Learn, Share, Grow – Most Important Leadership Advice

learn share grow

Below is a lesson from LinkedIn where author and leadership speaker Mark Crowley shares the top 10 leadership advice he discussed with his noteworthy podcast guests, as well as our key learning.

The Blue Courage team is dedicated to continual learning and growth.  We have adopted a concept from Simon Sinek’s Start With Why team called “Learn, Share, Grow”.  We are constantly finding great articles, videos, and readings that have so much learning.  As we learn new and great things, this new knowledge should be shared for everyone to then grow from.

10 of the World’s Great Sages Share Their Most Important Leadership Advice

By Mark Crowley

Over the past year, I’ve had the wonderful honor of interviewing thirty of the world’s most remarkable leadership authors, researchers, and professors – and have published these discussions on my “Lead From The Heart” podcast.

And for this post, I wanted to share what I personally believe are the ten most cutting-edge insights these noteworthy guests have shared so far.

As you read these, you’ll notice all ten ideas are direct quotes. They stand alone and can really be read in any order.  And while I’ve intentionally included podcast links in case any guest’s comments piques your interest, my goal here is to simply share the most profound leadership wisdom I took from all my conversations so far.

It’s my hope that you’ll find these gems of leadership thinking as striking and valuable as I do.

Continue reading here.

Key Learnings:

  • TOM PETERS: “With the technological disruption that’s coming – and which could potentially eliminate millions of jobs – business has a moral obligation beyond anything it’s ever had before to support and develop and train the people who come to work for you.”
  • AMY EDMONDSON: One of the most common and unwise management practices in our workplaces today is the reliance (whether consciously or not) on fear and intimidation as a strategy for getting results. The neuro-psychology and other research on this is pretty clear; it doesn’t work.”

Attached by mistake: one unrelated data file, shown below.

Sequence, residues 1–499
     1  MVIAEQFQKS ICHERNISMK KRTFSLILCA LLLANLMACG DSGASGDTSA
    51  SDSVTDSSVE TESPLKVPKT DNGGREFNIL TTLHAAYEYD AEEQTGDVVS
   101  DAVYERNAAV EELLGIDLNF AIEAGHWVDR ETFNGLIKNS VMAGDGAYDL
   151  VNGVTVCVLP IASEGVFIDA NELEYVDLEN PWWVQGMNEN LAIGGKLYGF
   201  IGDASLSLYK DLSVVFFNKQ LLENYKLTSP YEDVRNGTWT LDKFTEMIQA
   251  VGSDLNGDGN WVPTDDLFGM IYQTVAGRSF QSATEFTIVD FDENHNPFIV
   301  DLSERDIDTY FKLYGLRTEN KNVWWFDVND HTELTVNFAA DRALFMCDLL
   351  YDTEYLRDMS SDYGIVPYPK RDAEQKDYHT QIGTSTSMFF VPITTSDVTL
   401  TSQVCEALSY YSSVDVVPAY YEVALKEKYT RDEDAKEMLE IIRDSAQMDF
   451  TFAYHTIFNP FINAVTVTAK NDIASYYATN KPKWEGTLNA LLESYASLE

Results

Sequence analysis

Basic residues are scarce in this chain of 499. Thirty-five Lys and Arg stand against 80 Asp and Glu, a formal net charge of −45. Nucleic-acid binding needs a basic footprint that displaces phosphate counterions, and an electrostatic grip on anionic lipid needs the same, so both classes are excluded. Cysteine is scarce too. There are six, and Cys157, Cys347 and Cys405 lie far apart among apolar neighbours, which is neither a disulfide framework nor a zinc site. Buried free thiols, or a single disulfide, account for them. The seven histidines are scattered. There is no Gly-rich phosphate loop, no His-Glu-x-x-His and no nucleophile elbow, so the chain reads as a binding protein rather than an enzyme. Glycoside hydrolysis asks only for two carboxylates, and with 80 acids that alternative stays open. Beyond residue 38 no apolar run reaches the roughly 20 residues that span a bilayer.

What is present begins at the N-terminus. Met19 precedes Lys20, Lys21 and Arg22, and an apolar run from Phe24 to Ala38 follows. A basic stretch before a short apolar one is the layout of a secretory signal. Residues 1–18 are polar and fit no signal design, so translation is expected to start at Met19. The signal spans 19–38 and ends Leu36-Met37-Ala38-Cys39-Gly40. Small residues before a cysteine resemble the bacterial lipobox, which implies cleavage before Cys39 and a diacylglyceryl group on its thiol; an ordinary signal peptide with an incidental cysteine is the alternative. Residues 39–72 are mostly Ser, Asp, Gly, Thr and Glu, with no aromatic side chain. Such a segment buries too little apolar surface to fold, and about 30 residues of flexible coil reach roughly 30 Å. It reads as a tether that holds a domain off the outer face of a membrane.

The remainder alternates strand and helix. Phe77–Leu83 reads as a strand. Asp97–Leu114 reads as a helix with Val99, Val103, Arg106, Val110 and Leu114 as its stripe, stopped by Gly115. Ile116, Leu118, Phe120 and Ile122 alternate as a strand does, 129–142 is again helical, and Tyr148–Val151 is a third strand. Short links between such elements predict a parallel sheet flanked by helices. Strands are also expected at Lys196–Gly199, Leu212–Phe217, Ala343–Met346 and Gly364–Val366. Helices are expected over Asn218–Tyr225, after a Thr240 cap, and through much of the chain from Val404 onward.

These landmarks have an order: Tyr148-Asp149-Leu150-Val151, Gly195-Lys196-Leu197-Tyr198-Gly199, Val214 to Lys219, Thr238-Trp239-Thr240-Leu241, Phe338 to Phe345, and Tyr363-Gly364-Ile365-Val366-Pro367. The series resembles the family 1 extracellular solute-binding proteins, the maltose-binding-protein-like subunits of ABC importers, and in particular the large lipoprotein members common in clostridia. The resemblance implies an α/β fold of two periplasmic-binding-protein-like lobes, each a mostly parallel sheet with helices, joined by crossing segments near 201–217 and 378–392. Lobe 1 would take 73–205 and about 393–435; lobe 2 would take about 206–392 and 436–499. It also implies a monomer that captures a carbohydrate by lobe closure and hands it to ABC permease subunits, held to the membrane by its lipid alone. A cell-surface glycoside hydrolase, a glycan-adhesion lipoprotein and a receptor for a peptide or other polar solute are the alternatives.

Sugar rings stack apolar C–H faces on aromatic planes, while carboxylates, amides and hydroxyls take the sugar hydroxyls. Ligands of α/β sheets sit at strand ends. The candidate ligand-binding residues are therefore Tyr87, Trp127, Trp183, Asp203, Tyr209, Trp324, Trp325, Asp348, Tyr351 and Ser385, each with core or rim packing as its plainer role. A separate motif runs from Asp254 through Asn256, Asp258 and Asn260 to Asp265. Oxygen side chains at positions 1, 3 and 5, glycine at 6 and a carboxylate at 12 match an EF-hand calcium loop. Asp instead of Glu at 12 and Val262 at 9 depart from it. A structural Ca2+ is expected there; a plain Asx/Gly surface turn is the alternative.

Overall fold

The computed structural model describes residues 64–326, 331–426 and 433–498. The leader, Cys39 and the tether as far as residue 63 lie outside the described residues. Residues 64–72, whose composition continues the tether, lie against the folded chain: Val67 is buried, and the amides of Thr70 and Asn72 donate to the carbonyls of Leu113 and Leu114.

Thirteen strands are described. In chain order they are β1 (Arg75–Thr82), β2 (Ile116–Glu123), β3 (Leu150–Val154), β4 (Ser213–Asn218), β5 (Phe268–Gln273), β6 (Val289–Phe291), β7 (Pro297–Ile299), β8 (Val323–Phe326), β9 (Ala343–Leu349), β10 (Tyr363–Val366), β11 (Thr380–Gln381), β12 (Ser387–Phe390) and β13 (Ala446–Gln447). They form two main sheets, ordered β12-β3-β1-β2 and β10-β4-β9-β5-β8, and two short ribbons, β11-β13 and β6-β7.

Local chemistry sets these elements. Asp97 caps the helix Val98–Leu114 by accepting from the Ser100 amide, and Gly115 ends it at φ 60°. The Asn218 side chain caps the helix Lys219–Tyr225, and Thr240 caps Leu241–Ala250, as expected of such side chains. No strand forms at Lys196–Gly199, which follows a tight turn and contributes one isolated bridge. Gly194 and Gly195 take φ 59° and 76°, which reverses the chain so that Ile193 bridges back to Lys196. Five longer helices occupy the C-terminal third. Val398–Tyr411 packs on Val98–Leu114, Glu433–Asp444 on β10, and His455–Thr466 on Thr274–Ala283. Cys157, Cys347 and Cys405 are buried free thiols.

• DR. JAMES DOTY: Our common workplace leadership practices are entirely misaligned to the preponderance of recent scientific discoveries which prove human beings perform best when they work for caring and supportive bosses.
  • ASHLEY GOODALL:The frequency of interaction with people is the glue, and it requires leaders to make an unbreakable commitment to speaking with every direct report no less than once a week.” The secret sauce of highly effective teams is that employees feel connected, valued, seen and heard by their boss.
  • LIZ WISEMAN:A ‘multiplier’ leader is someone who uses their own intelligence, capabilities, and talents in a way that amplifies the talents and intelligence of others. They’re leaders who we’re best around.”
  • TOMAS CHAMORRO-PREMUZIC: We can see the effects of hyper-masculine leadership; what we need today are managers who are more self-effacing, empathetic and altruistic – other-focused people who are good coaches and mentors.”
  • JIM HARTER: Past generations “kind of accepted that work was just a job. But new generations really expect something different. They’re more aware of what work can and should be which creates greater expectations upon leaders and organizations.
  • KIM POWELL: Only highly decisive people ever make it to the C-Suite. “…we saw this play out in two ways. One is about priorities and the other is about people decisions. These tend to be the places where many managers struggle to make high velocity choices. And if you’re not decisive like this, it’s like a virus that affects everyone around you.”
  • DANIEL COYLE: “We’ve always thought that trust had to come before vulnerability  and we’ve got it backwards. It’s by being vulnerable that we create trust. Vulnerability sparks trust and triggers trust.”
  • FRANCESCA GINO: Too many managers are conformists, and need to adapt a “rebel nature” by displaying far more curiosity and courage. “If you were to ask most corporate leaders what kind of employees they really want in their organizations, you will get the same answers from everybody.  They want creative workers, innovative people who think out-of-the-box – who speak truth to power and who are always looking for better ways to get things done.  But this is what they say. When you look at their actions, they’re actually quite different.” 

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